Senator Max Baucus is retiring. And that means you are about to read a lot of stories about how awful his tenure was, particularly for progressives.
You’ll hear about how Baucus voted against the DREAM Act and, just a week ago, how he opposed background checks for guns. You’ll hear about the way he undercut the Democrats in 2001, cutting a deal with Republicans that led to enactment of the Bush tax cuts, and how he broke ranks in 2009, in order to help defeat a bill that would have helped people struggling with mortgages. One theme in these stories will be Baucus’s political cowardice. Another will be his close relationship with corporate lobbyists, so many of whom worked for him before taking up their positions on K Street. Baucus is chairman of the Finance Committee, giving him enormous influence. Various positions he took on taxes, home mortgages, and so many other issues took meant poor and middle-class Americans were worse off. But those lobbyists appealing to Baucus made out well—and so did their clients.
You should read these stories, because they are true. It’s not a huge exaggeration to say Baucus's career represents everything that is wrong with Washington—or that he's one reason so many voters seem skeptical when Democrats say they are fighting for the little guy. When the issue was patients versus the drug companies, Baucus sided with the drug companies. When the issue was homeowners versus the banks, Baucus sided with the banks. That’s bad optics and, worse, it’s bad policy.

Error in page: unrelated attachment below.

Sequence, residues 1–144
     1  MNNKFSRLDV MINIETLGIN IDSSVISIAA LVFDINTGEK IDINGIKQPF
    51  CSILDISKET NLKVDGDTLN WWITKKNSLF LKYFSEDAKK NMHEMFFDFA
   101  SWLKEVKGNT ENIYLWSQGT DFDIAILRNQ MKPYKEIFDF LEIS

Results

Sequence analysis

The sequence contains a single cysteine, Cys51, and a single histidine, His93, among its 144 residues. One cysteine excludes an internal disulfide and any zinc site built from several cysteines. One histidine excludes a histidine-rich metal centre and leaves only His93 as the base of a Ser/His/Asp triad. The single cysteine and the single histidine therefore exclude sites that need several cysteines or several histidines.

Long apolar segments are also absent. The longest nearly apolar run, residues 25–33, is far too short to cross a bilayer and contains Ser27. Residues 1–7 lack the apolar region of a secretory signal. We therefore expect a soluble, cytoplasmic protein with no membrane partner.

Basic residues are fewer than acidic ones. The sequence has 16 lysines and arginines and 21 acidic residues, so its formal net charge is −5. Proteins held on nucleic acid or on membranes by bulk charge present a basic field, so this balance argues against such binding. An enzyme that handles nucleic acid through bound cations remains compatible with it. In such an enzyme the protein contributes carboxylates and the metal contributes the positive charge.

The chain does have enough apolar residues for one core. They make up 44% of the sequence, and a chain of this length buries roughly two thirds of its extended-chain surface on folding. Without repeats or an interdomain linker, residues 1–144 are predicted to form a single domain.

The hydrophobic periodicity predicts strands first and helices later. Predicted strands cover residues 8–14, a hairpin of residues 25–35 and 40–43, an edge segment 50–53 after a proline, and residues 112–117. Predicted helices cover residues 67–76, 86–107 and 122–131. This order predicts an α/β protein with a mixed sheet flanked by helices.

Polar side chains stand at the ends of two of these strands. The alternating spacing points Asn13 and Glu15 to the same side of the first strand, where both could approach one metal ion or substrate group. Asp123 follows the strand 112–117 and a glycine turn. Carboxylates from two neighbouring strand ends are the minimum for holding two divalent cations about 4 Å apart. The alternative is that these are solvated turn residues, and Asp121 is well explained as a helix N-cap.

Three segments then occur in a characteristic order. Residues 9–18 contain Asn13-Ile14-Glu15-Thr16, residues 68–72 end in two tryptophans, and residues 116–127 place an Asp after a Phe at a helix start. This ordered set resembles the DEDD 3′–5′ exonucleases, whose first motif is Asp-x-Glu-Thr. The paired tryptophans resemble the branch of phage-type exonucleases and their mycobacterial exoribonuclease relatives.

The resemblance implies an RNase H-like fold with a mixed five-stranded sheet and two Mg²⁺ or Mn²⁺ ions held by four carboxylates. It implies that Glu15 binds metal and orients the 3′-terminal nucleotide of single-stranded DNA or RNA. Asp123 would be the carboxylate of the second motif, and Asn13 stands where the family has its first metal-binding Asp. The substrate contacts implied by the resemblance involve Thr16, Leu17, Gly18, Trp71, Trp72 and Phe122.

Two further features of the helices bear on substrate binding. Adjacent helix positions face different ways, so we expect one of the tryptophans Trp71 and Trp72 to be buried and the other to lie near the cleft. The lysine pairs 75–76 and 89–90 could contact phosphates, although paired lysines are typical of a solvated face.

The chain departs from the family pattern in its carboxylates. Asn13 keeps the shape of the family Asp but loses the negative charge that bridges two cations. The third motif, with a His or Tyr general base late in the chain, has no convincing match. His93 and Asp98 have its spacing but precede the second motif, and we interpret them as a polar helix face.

Still, an assessment of Baucus deserves at least two caveats—one obvious, one not so obvious. The first is that he’s from Montana. And Montana is not Massachusetts. In a recent survey by the Gallup organization, Montana was among the ten most conservative states according to most of the measures—percentage who lean Republican, the gap between conservatives and liberals, Obama disapproval rating, and so on. The state’s voters usually vote for the Republicans in presidential elections and they frequently do so by large margins. George W. Bush carried the state by more than 20 points. Twice. That shouldn't make it impossible to take a vote that defies the state's conservative instincts: Senator Jon Tester, also from Montana, managed to support background checks last week. But it does mean that Montana Democrats are going to defect from time to time. It's that simple.
The other caveat is about health care reform. Most people think of Baucus as the guy who cut all those awful deals with lobbyists for the health care industry—and who let negotiations in the Finance Committee bog down in the summer of 2009, exposing the effort to a political backlash that very nearly killed the entire enterprise. I think there’s a lot to those critiques, although neither one is as clear-cut as it might seem. At least some of those deals were necessary in order to get legislation through Congress. The pharmaceutical lobby could have killed health care reform all by itself, if it had chosen to do so. It didn’t.1 As for the Finance Committee negotiations, Baucus was naïve to think he ever had a shot at winning over Republicans like Charles Grassley, the ranking minority member. But the painstaking effort to win over Republicans gave cover to more conservative Democrats who ended up supporting the bill.